Stepping up to the senior Scotland squad is a burning ambition for Aberdeen defender Scott McKenna.
Already an under-21 international, McKenna believes the next logical step is to target the senior national team, still without a manager after the departure of Gordon Strachan.
Ahead of last November’s 1-0 friendly defeat by Holland – at McKenna’s home ground of Pittodrie –stand-in Malky Mackay lamented the nation’s lack of quality centre backs.
The 21-year-old McKenna made his under-21 debut against the Dutch last September and has been one of the finds of the season for Dons boss Derek McInnes. McKenna missed just one game since the Reds were knocked out of the League Cup by Motherwell last September and has forged promising partnerships with both Kari Arnason and Anthony O’Connor.
With five caps for Scot Gemmill’s under-21 side, McKenna feels he now has to look ahead and try to force his way into the senior side.
He said: “I’ve got to keep doing what I do and hopefully I can force my way into that scene in the next couple of years or whenever the manager feels the time is right.
“You dream of that when you are younger. If you get in the under-19 squad you want to make the 21s. Then in the 21s you think about the next step and pushing to the A squad. I do know there are a lot of good centre halves out there. John Souttar, Ross McCrorie and Jack Hendry have done well and there are others in the English Championship playing at a good level.”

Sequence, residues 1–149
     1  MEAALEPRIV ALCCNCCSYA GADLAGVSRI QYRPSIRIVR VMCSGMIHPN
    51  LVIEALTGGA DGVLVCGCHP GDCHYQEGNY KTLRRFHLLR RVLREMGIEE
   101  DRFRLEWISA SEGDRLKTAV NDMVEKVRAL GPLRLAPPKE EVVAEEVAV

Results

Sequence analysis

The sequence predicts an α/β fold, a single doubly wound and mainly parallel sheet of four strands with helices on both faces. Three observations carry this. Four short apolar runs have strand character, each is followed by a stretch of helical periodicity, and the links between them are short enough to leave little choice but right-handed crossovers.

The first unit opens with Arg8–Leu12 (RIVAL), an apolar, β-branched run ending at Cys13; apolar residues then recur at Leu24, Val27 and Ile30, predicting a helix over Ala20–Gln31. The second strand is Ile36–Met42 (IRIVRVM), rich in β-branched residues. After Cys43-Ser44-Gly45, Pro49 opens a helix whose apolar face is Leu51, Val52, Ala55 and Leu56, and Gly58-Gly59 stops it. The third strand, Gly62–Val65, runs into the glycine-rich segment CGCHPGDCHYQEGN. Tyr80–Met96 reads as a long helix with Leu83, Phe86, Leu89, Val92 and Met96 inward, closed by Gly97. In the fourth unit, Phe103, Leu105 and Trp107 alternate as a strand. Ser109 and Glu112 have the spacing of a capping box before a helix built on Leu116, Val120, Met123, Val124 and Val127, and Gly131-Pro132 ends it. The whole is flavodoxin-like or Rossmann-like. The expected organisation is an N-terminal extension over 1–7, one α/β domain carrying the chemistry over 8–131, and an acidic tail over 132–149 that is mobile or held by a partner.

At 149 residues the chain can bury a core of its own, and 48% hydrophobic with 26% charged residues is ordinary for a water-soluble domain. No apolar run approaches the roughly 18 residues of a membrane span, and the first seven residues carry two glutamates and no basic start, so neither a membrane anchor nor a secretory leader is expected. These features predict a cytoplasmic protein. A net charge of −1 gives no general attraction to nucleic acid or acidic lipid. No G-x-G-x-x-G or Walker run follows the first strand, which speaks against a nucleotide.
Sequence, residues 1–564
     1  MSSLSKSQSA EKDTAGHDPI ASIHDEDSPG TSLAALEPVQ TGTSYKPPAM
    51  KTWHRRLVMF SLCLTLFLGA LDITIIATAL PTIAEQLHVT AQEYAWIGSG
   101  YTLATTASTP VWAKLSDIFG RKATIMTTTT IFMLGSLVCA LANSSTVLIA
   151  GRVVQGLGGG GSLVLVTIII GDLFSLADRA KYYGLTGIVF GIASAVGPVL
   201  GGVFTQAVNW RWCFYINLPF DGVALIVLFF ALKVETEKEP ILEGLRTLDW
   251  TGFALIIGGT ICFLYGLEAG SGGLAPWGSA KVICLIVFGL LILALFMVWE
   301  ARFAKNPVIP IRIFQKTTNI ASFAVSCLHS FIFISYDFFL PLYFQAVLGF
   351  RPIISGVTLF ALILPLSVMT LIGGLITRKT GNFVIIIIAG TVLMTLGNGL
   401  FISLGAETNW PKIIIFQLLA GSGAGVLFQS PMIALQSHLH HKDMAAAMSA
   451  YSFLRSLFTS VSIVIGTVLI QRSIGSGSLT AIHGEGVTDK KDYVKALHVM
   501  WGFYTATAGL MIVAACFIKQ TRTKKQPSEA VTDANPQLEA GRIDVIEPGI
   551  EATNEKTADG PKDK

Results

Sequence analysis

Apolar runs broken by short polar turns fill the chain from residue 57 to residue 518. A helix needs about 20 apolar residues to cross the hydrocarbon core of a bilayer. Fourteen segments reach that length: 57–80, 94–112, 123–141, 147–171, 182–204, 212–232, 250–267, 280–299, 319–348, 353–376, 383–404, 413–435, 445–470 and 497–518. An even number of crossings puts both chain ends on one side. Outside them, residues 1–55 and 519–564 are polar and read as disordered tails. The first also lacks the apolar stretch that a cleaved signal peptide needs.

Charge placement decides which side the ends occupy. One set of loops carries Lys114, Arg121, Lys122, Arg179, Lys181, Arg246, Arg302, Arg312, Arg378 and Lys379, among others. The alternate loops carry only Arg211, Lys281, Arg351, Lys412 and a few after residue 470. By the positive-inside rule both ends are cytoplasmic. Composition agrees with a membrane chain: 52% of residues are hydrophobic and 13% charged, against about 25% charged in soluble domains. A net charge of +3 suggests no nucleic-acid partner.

McKenna’s story is an illustration of how careers can change in the space of 12 months. This time last year he was gearing up for a game for relegation-threatened Ayr United away to Falkirk but now finds himself a Dons regular and in Dubai for their winter training camp.
His progress was rewarded last October with a three-year contract extension but he is grateful for his experiences at Ayr and how that shaped his improvement.
He added: “I had been at Ayr before and I knew what to expect. But there was one week when I was left out the squad and didn’t even make the bench. I knew I had only one year left on my contract and I realised I had to make the most of it. I maybe wasn’t playing as well as I should have been at Ayr but I had to put that behind me at the start of the season and forced my way into the manager’s plans.
“Part-time football means you turn up for training on Tuesday and Thursday nights and have a day job. I wanted to stay in full-time football as long as I could and especially at a great club like Aberdeen.
“I don’t know what’s been different this year. Maybe I’m seeing benefits of a good pre-season.”